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Showing 11 results for Concrete Beams

Khalou A.r., Ghara Chour Lou A.,
Volume 3, Issue 1 (3-2005)
Abstract

This paper presents the results of analytical studies concerning the flexuralstrengthening of reinforced concrete beams by external bonding of high-strength lightweightcarbon fiber reinforced plastic (CFRP) plates to tension face of the beam. Three groups of beamswere tested analytically and compared with existing experimental results. Results of the numericalanalyses showed that, although addition of CFRP plates to the tension face of the beam increasesthe strength, it decreases the beam ductility. Finite element modeling of fifteen different beams in aparametric study indicates that steel area ratio, CFRP thickness, CFRP ultimate strength andelastic modulus considerably influence the level of strengthening and ductility.
Ali Kheyroddin, Hosein Naderpour,
Volume 5, Issue 1 (3-2007)
Abstract

A parametric study is performed to assess the influence of the tension reinforcement index, ( ω = ρ fy /f Bc), and the bending moment distribution (loading type) on the ultimate deformation characteristics of reinforced concrete (RC) beams. The analytical results for 15 simply supported beams with different amounts of tension reinforcement ratio under three different loading conditions are presented and compared with the predictions of the various formulations and the experimental data, where available. The plastic hinge rotation capacity increases as the loading is changed from the concentrated load at the middle to the third-point loading, and it is a maximum for the case of the uniformly distributed load. The effect of the loading type on the plastic rotation capacity of the heavily reinforced beams is not as significant as that for the lightly reinforced beams. Based on the analytical results obtained using the nonlinear finite element method, new simple equations as a function of the tension reinforcement index, ω, and the loading type are proposed. The analytical results indicate that the proposed equations can be used for analysis of ultimate capacity and the associated deformations of RC beams with sufficient accuracy.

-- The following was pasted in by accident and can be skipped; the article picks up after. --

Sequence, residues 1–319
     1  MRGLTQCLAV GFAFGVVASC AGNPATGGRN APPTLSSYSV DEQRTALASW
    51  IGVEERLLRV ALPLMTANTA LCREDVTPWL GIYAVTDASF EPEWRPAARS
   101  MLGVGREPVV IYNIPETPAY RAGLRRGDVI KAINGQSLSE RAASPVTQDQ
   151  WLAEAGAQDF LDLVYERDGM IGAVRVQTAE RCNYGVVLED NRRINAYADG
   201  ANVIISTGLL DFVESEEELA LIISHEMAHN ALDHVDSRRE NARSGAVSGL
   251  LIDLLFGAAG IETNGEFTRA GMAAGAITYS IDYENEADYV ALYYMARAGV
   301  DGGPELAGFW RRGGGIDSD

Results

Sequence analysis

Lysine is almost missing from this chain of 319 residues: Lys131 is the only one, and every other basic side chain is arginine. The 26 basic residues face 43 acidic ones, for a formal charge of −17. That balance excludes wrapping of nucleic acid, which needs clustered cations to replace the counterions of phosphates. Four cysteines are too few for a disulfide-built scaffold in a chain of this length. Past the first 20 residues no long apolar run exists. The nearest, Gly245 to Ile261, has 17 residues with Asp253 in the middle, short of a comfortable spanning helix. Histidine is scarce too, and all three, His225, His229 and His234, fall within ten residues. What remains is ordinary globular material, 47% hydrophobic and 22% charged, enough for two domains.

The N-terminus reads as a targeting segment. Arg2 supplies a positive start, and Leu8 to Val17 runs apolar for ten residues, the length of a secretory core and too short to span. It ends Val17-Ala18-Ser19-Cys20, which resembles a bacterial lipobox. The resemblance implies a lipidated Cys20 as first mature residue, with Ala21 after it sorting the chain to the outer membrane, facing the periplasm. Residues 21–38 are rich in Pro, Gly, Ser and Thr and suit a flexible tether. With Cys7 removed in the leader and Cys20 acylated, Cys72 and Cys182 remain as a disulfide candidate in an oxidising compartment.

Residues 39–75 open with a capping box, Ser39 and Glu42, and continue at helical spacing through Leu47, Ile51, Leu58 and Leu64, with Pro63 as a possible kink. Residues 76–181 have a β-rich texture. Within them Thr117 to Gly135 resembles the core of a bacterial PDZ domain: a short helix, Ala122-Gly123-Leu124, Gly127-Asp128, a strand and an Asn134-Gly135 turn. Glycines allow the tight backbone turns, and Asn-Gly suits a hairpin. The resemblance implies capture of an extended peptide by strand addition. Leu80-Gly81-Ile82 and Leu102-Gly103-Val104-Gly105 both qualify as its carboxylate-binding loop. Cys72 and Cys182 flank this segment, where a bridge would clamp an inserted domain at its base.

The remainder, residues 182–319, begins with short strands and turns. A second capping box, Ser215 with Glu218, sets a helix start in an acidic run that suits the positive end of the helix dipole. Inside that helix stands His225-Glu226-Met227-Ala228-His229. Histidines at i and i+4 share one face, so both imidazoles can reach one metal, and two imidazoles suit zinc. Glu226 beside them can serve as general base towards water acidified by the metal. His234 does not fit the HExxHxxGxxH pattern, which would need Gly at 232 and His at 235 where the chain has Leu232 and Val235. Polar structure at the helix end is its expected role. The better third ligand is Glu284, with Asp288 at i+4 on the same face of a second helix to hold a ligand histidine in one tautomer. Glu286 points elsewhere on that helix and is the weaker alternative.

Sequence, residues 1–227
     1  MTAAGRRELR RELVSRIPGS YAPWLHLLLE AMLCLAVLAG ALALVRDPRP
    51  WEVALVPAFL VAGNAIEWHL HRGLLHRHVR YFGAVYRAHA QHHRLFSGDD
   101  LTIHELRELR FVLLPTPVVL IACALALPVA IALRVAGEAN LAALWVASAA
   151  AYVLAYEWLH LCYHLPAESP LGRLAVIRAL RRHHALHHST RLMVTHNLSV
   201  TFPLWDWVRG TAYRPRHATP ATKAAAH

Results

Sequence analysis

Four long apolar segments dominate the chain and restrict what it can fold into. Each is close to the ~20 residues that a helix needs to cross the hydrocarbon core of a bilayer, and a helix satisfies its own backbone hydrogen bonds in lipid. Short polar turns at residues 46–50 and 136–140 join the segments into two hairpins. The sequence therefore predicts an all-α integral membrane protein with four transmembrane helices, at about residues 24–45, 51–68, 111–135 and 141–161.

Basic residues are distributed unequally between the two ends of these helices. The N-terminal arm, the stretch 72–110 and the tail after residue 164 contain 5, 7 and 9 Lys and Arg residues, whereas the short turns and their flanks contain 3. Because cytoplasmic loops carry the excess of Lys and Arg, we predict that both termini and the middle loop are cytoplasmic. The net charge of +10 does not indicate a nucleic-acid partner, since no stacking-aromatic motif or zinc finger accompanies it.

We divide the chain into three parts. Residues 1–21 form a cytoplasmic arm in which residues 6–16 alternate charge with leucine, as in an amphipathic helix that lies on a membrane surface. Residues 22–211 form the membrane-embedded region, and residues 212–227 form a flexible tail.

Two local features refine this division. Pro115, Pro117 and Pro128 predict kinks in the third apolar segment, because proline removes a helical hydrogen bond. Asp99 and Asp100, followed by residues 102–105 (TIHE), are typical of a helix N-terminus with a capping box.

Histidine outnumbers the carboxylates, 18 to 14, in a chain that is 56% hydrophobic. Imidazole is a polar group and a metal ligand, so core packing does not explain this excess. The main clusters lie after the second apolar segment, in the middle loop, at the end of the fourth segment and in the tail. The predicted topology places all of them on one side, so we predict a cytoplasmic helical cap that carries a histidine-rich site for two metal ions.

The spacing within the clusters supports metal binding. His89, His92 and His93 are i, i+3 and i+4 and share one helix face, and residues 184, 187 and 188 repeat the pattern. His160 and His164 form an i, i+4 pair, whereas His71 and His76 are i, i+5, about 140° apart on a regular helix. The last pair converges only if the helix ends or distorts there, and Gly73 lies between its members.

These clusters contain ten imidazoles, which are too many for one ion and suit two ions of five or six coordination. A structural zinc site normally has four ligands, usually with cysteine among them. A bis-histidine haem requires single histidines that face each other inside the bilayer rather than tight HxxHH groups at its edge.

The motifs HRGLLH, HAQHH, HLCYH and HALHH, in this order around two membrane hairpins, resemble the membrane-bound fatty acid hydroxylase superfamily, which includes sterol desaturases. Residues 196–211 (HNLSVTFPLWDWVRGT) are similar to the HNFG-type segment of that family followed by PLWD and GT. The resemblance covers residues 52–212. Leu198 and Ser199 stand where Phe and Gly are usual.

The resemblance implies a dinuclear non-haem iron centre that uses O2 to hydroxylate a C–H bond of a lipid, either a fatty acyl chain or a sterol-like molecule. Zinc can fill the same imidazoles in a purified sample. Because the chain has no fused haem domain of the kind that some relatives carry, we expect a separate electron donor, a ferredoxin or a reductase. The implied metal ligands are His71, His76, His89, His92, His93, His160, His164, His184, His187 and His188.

M.kazem Sharbatdar,
Volume 6, Issue 1 (3-2008)
Abstract

FRPs (fiber reinforced polymer) possess many favorable characteristics suitable and applicable for construction industry when compared with steel reinforcement. There are new ideas to use FRPs as longitudinal or transverse reinforcement for new concrete elements particularly for bridge decks or beams. Although high tensile strength of FRP is main characteristic for applications at both areas, its weakness to bending and linear stress-strain behavior with virtually no ductility, makes it vulnerable to probably premature failures under reversal tension-compression loading during earthquake. A pilot research project has been conducted to explore the characteristics of large-scale cantilever concrete beams reinforced with FRP re-bars and grids and were tested under either simulated cyclic loading or monotonically increasing lateral loading. This paper presents the test parameters and results obtained during research. The analytical relationships are compared with those recorded experimentally, and test results showed the diagonal cracks and either rupturing of FRP bars in tension or stability failure in compression bars at long or short shear span beams. The comparison of nominal moment capacities between analytical and experimental values confirms that plane section analysis is applicable to FRP reinforced concrete members.
A.r. Khaloo, I. Eshghi, P. Piran Aghl,
Volume 8, Issue 3 (9-2010)
Abstract

In this paper the response of cantilevered reinforced concrete (RC) beams with smart rebars under static lateral loading has been numerically studied, using Finite Element Method. The material used in this study is SuperelasticShape Memory Alloys (SE SMAs) which contains nickel and titanium elements. The SE SMA is a unique alloy that has the ability to undergo large deformations and return to their undeformed shape by removal of stresses. In this study, different quantities of steel and smart rebars have been used for reinforcement andthe behavior of these models under lateral loading, including their load-displacement curves, residual displacements, and stiffness, were discussed. During lateral loading, rebars yield or concrete crushes in compression zone in some parts of the beams and also residual deflections are created in the structure. It is found that by using SMA rebars in RC beams, these materials tend to return to the previous state (zero strain), so they reduce the permanent deformations and also in turn create forces known as recovery forces in the structure which lead into closing of concrete cracks in tensile zone. This ability makes special structures to maintain their serviceability even after a strong earthquake